29/10/2014 11:33 GMT | Updated 29/12/2014 05:59 GMT

Confidence and Coordination: The Key to Italy's Young Business Leaders

As the UK economy picks up and unemployment drops below pre financial crisis levels, so the tragedy still unfolding in southern Europe becomes starker.

In Spain, Italy, Greece and other southern European countries, there is no clear end in sight to the economic downturn. In Italy, Matteo Renzi's young government is battling to introduce reforms to tackle the crisis, but meanwhile, youth unemployment remains at a 37 year high. For many young Italians, a steady job and regular salary remains a wild dream.

Our research shows that 70% of young Italians think that entrepreneurship is a good career choice, but only 22% see good short term opportunities for starting a business - a figure well below that in countries like the UK, France and the Netherlands. Young Italians profess a fear of a failure second only to their Greek neighbours.

Its clear to us, and many others, that self-employment has to be a major part of the solution to this crisis. But we see two major issues holding back the next generation of entrepreneurs: the lack of confidence among Italy's youth, and the uncoordinated nature of efforts to support the country's young entrepreneurs.

As anyone who has been unemployed for any period of time knows, one of its most damaging consequences is loss of confidence, and the experience of many young Italians is no exception.

There are of course many well established initiatives in Italy targeting job creation, including a growing number of incubators and accelerators and a public sector aim to remove some of the constraints on growing businesses. But our experience is that support for a young person is still hugely fragmented.

In a country where regional identities are so important, building networks that bring cross sector supporters of entrepreneurship closer together is particularly vital. Businesses are not built over night and they need a range of support to get them going in the right direction.

I've seen all over the world that this is particularly true for young entrepreneurs. It is so much harder to start a business when you lack business experience, don't have access to funding, and have not had the time to build up a network of useful contacts.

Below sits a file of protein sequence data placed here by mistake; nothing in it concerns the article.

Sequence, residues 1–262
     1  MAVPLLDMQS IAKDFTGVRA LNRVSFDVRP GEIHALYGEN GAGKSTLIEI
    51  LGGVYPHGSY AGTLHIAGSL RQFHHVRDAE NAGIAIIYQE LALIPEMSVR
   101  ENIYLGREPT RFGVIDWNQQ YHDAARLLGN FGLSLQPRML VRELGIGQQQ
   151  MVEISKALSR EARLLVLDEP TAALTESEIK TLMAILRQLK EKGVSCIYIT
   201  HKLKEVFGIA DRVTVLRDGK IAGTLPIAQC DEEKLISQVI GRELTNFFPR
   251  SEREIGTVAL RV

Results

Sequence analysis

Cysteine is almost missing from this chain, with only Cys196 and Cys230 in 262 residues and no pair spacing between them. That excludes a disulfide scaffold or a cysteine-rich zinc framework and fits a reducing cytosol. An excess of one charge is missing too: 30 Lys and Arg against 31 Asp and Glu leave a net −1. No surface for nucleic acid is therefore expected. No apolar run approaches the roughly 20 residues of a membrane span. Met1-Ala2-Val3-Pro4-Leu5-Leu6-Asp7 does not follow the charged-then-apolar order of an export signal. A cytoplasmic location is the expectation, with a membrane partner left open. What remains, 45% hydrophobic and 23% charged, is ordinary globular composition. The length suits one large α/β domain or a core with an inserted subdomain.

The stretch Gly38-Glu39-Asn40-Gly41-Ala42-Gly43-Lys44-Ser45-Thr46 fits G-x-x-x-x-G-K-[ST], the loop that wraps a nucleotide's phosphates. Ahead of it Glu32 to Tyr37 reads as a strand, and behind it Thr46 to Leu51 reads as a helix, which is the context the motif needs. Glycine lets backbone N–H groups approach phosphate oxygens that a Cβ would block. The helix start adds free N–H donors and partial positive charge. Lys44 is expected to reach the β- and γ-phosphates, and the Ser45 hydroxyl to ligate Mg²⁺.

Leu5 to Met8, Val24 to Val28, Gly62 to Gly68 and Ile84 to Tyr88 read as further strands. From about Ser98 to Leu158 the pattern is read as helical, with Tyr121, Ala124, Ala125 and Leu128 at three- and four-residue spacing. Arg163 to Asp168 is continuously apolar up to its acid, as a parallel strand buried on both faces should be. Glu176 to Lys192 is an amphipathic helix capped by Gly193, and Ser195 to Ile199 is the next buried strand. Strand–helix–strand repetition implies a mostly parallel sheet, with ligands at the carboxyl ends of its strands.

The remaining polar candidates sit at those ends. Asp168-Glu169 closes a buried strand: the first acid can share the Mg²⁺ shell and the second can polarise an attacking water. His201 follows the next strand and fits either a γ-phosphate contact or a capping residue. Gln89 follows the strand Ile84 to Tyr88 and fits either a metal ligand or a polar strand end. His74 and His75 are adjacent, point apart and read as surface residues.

Something different needs to be done, and soon.

Recently I was in Turin at the launch of Youth Business Italy, a new initiative designed to support young Italian entrepreneurs, developed with the support of the JPMorgan Chase Foundation.

The initiative aims to tackle these two challenges of confidence and coordination, with a plan to support more than 7,500 young people over the next five years. The initiative is managed by a non-profit organisation PerMicroLab, with loan finance to come from a sister initiative, PerMicro. The initiative gives coordination, not just because it provides a complete package of support for entrepreneurs, but because it will be open to all young Italians, wherever they are based.

And to address the confidence issue, mentoring is at the heart of the initiative. For a young entrepreneur, financing is of course important, but it is far from being the only required ingredient, and a mentor can play a vital role in providing business guidance, and the psychological support.

Take Chiara Casini, an entrepreneur who set up a vegan takeaway near Florence, and who was one of the young people at the Youth Business Italy launch event. She received a small loan, and training from Youth Business Italy, but she said that it was her mentor Ricardo who supported her in everything, guiding her through the intricacies of getting her business going and giving her confidence when she most needs it.

More mentors mean more confidence, and a greater chance of success for entrepreneurs as they start out on their journey.

Entrepreneurs are important in any country, but in Italy, they might just make the difference in reinvigorating Italy as a country where innovation, creativity and style are taken for granted. But to do this effectively, we need more business people to volunteer their time to mentor the next generation of entrepreneurs.

As the politicians wrangle over macro-economic solutions, a dose of confidence may be just what young Italians, and the country, needs.